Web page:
RICHMOND, Va. (WWBT) – Attorney General Jason Miyares released the findings of a year-long investigation by the Virginia Parole Board on Wednesday afternoon.
It’s been three years since convicted criminals serving life sentences for violent crimes were allowed to roam free in Virginia. The inquiry found that 137 convicted murderers, rapists and armed robbers were released in the spring of 2020, in violation of longstanding rules.
“What happened here was a clear abuse of power. What happened here was the epitome of criminals first and criminals last,” Miyares said.
The report found that between February and April 2020, the Virginia Parole Board, with the permission of Chairperson Adrianne Bennett, violated state statutes at least 149 times.
It also included several emails from Bennett. In an email exchange between Bennett and her then-admin, Laura Hall, Bennett stated, “Give up the wand of power and let’s cut her loose. All of this must have a silver lining. Give me more!!!”
“She released them from custody and, in some typical cases, personally corresponded with the offenders about their release, eliminating their local probation officer entirely,” Miyares said.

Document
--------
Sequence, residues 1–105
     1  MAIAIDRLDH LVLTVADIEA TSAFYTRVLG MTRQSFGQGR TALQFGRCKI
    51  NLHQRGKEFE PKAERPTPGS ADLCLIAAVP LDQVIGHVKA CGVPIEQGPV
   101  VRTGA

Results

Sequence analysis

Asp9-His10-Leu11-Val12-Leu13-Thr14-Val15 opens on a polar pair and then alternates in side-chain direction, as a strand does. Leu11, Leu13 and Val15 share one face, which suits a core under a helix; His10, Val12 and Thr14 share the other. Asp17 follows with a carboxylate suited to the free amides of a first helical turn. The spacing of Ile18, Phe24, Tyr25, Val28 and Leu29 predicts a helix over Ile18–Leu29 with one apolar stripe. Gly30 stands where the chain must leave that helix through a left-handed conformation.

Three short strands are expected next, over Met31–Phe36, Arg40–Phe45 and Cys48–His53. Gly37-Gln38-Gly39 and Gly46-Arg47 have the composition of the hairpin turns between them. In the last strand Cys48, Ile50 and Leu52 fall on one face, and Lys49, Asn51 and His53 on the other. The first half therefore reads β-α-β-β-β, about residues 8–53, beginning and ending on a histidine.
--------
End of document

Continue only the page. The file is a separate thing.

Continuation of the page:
Hall then told investigators Bennett knew it was against policy.
Victims and their families soon complained that they were never told a detainee was to be released, which Miyares also said is against policy.
“Your assailant, your assailant, the person who held a gun to the head of a young employee at a gas station — her life was turned upside down because her assailant should have been behind bars,” Miyares said.
The release of one inmate under scrutiny was that of Vincent Martin. Martin was sentenced to life in prison for the 1979 murder of Richmond Police Officer Michael Connors.
“The policies and procedures of the Virginia Parole Board are permissible [Martin’s] Parole revoked due to significant resistance from victim. No action has been taken,” Miyares said.
Hoping to regain public trust, Miyares recommends improving the ethics rules for parole board members, increasing size and transparency, increasing victim notification requirements, and amending several sections of the Virginia Code to do the work of the committee better.
Miyares said Wednesday that if there were no statute of limitations, Bennett would be prosecuted for those violations. Bennett currently serves the state as a judge in Virginia Beach.
He said it was now up to the General Assembly to decide whether to impeach her.
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